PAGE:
“Though she may be so angry at you for marrying Janet that she’ll never acknowledge you again as long as you live,” Ruth speculates, inspiring a new wail of distress from Olivia.
“Thank you, Ruth,” Alec says, beleaguered. He takes a moment to resign himself to his fate, then follows his sisters back into the house.
If one ignores the faintly persisting scent of smoke, the kitchen actually smells like it ought to – that is to say, like a promise of a wonderful meal to come. And in the middle of the fearsome mess of pots and pans, abandoned pie crusts and half-peeled potatoes, stand Hetty and Janet, hugging weepily.
“Oh, Hetty, all I want is to be embraced into this family,” Janet cries. “I love your brother so, and I’m so fond of your siblings, and I would be fond of you too, if you’d only let me.”
“And I must admit, Janet, I was – I was intimidated at the thought of another grown woman in this family,” Hetty professes. “How foolish I was! Please, do say you’ll forgive me.”
“Only if you forgive me!”
“Of course – of course – there’s nothing to forgive!”
“Not even the eggs?”
“Well – perhaps the eggs a little – oh, never mind it—”
“But they were just at each other’s throats moments ago,” Olivia says wonderingly, her eyes wide.
“Then I’d say our timing has been absolutely impeccable,” Alec replies.
“Ruth, Olivia, there you are!” Hetty says, spotting them at last. She and Janet part, but keep standing with their arms around each other as if it’s the most natural thing in the world, rather than the strangest. “I can’t quite believe the pies will be done by the new year, at the rate you two are going. Too much cowering, not nearly enough baking.”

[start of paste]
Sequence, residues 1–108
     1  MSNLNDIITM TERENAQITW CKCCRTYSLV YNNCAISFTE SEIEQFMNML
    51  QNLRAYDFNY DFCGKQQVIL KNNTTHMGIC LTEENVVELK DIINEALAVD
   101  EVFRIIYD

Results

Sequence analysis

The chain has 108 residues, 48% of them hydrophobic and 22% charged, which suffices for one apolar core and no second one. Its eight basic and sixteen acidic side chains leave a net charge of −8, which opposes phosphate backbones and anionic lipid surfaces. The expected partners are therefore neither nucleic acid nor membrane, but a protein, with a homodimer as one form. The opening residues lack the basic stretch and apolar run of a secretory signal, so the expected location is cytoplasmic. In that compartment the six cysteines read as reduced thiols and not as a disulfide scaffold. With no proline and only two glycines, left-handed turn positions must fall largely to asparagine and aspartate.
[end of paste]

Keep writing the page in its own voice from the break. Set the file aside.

“Pies?” Olivia repeats, awed.
“You mean,” Ruth says, “we get to make more than one?”
“If you think you can,” Hetty replies, the sparkle in her eyes contradicting the firm line of her mouth. “Dawdling the way you are.”
The girls rush happily into the kitchen. Alec leans against the doorframe and takes it in. A new future seems to stretch out before them all, infinitely more peaceful.
“Alec, do get in here and see that these potatoes are mashed by New Year’s,” Janet orders with a Hettyish edge to her voice, her eyes mischievous and bright.
“Yes, ma’am,” he says wisely.
“Everything’s delicious,” praises Roger that evening as they all sit around the table. “It was worth the trip home for this meal alone, just as I knew it would be. You’ve outdone yourself again, Hetty.”
“Actually,” Hetty says in the stiffly formal tone that always accompanies conceding some of her power, “I must give credit where credit is due.” Janet beams. “Alec mashed the potatoes.”
Janet’s fork stills dangerously on its way to her helping of candied yams.
“And Janet rose to the entire task most admirably,” Hetty finishes – kindly, for her. The whole table seems to breathe a surreptitious sigh of relief. “Half the credit is hers.”
“And the pies just made themselves, I suppose?” Ruth demands cheekily.
“And the beautiful pies are Ruth and Olivia’s works of art,” Janet responds graciously, her smile in full radiant bloom now. “I must say, we King women are quite a force to be reckoned with when we work together.”
“And God help the fool who tries to interfere,” Roger surmises.
“Hear hear,” Hetty says grandly, and she and Janet clink glasses across the table.
“The candied yams are divine as ever, Hetty,” Janet praises.
“And you’d never know the goose was nearly torn in half out in the yard,” Alec remarks dryly.
“Oh, hush, Alec,” Janet orders.
“Merry Christmas to all,” Hetty proclaims.
“And to all a good fight,” Alec mutters to Janet, quiet enough to keep it for her ears only. The corner of her mouth twitches; she kicks him affectionately under the table, and her ankle stays nestled against his for the rest of the meal.